CAIRO // An Egyptian court today acquitted Hosni Mubarak’s two sons and his last prime minister of corruption charges.
The Cairo criminal court found Gamal and Alaa Mubarak and Ahmed Shafiq innocent of corruption in a case that arose from the 1995 sale of a plot of land to Mubarak’s sons by an association led at the time by the former prime minister, judicial officials said. Prosecutors claim the land was sold to the two at a price lower than its market value.
Also acquitted were four retired generals who served as board members of the association.
Alaa, a wealthy businessman, and Gamal, Mr Mubarak’s one-time heir apparent as Egyptian president, are facing a separate trial on other corruption charges. They have been held in detention since April 2011, two months after their father resigned in the face of a popular uprising.
A small group of Mubarak supporters in the courtroom cheered the verdict. “Oh Gamal Mubarak, the presidency awaits you,” they chanted.
Mr Shafiq, a career air force officer like Mr Mubarak, has lived in exile abroad since he was narrowly defeated by Islamist Mohammed Morsi in a presidential runoff in June last year.
It is not clear whether Mr Shafiq plans to return to politics.
A statement by the court said that the irregularity committed by Mr Mubarak’s sons and Mr Shafiq is no more than an “administrative violation” that is not criminal. It also said that Alaa and Gamal Mubarak have given back the plot. It did not say whether the two could face any other penalties.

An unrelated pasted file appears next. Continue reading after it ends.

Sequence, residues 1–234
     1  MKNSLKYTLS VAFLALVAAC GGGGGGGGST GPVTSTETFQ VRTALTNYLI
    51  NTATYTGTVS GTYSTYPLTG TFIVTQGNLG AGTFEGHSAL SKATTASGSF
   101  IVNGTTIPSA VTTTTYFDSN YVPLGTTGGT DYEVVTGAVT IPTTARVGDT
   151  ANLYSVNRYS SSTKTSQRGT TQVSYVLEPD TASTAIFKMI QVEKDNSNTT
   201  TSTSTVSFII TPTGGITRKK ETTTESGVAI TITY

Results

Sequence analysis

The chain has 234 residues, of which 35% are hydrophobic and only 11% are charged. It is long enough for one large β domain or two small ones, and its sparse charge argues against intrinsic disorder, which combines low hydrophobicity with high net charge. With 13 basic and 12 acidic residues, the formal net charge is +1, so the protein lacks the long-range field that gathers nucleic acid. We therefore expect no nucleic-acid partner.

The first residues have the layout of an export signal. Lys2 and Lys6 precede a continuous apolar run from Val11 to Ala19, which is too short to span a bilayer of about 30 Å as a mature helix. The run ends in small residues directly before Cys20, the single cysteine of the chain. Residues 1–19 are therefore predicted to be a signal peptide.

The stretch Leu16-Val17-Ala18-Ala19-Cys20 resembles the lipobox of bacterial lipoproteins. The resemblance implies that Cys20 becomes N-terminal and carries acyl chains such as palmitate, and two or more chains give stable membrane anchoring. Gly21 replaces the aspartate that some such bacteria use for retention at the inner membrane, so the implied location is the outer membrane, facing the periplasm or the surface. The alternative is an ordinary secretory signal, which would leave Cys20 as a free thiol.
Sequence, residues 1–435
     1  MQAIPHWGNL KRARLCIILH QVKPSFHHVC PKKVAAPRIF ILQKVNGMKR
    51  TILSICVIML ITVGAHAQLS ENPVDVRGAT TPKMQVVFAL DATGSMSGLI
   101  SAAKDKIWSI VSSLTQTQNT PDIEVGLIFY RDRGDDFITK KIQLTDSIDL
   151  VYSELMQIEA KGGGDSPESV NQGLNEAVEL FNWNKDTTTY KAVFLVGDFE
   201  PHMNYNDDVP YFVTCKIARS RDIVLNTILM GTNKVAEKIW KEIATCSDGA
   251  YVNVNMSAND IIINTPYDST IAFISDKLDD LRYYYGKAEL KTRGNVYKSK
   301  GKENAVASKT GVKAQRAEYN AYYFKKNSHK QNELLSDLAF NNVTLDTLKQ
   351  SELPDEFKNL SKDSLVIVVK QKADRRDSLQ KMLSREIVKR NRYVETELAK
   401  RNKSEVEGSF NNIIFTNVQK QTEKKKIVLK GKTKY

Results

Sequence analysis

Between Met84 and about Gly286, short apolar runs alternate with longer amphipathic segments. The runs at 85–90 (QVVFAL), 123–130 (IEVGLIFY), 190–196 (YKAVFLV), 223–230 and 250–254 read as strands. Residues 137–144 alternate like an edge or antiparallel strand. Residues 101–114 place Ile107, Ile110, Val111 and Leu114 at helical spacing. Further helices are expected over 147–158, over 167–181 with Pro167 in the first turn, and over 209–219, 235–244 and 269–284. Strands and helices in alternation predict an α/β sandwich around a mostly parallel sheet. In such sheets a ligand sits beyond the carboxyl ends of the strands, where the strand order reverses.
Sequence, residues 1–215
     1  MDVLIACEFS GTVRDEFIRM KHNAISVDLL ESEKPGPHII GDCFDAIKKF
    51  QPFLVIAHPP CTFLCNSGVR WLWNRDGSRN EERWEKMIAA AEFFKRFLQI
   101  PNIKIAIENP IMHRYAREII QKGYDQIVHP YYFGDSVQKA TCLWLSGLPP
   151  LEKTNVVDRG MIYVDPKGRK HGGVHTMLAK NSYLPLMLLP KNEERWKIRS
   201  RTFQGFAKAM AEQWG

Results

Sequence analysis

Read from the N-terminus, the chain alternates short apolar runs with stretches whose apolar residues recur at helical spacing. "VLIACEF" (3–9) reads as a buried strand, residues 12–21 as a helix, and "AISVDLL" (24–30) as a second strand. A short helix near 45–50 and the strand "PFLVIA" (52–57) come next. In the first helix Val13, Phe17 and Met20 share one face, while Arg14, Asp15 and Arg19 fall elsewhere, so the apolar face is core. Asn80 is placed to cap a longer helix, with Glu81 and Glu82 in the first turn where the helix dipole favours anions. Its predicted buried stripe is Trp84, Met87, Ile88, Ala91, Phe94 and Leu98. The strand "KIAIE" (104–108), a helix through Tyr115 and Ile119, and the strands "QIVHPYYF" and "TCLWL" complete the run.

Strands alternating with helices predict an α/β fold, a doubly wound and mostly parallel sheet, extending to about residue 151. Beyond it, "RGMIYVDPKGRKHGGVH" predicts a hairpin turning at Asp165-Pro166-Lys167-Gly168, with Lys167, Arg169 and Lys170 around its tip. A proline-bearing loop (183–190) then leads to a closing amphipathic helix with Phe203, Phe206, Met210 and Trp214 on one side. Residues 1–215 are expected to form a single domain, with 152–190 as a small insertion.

Mr Morsi was removed from power in July after massive protests against his rule. He is on trial for inciting murder while awaiting a separate trial on charges of conspiring with foreign militant groups.
Mr Mubarak was sentenced to life in 2012 for failing to stop the killing of protesters during the 2011 uprising that ended his 29-year rule. He was acquitted on appeal and is now being retried.
Meanwhile, authorities arrested Mohammed Adel of April 6, one of several youth movements that led the 2011 uprising.
Lawyer Gamal Eid said Mr Adel and five others from The Egyptian Center for Economic and Social Rights in Cairo were seized along with computers during the raid early on Thursday. All six were blindfolded and handcuffed when taken to an unknown location where they were kept for seven hours.
Mr Eid said the six were later taken to a police station before all but Mr Adel were released.
The lawyer claimed security officers pushed a gun inside the mouth of one of the five during their detention to quieten him, and beat up another.
Already in detention are three of the 2011 uprising’s best known youth leaders: Alaa Abdel-Fattah, Ahmed Douma and Ahmed Maher. They are accused of breaking a recent law that places conditions on street protests and of assaulting police.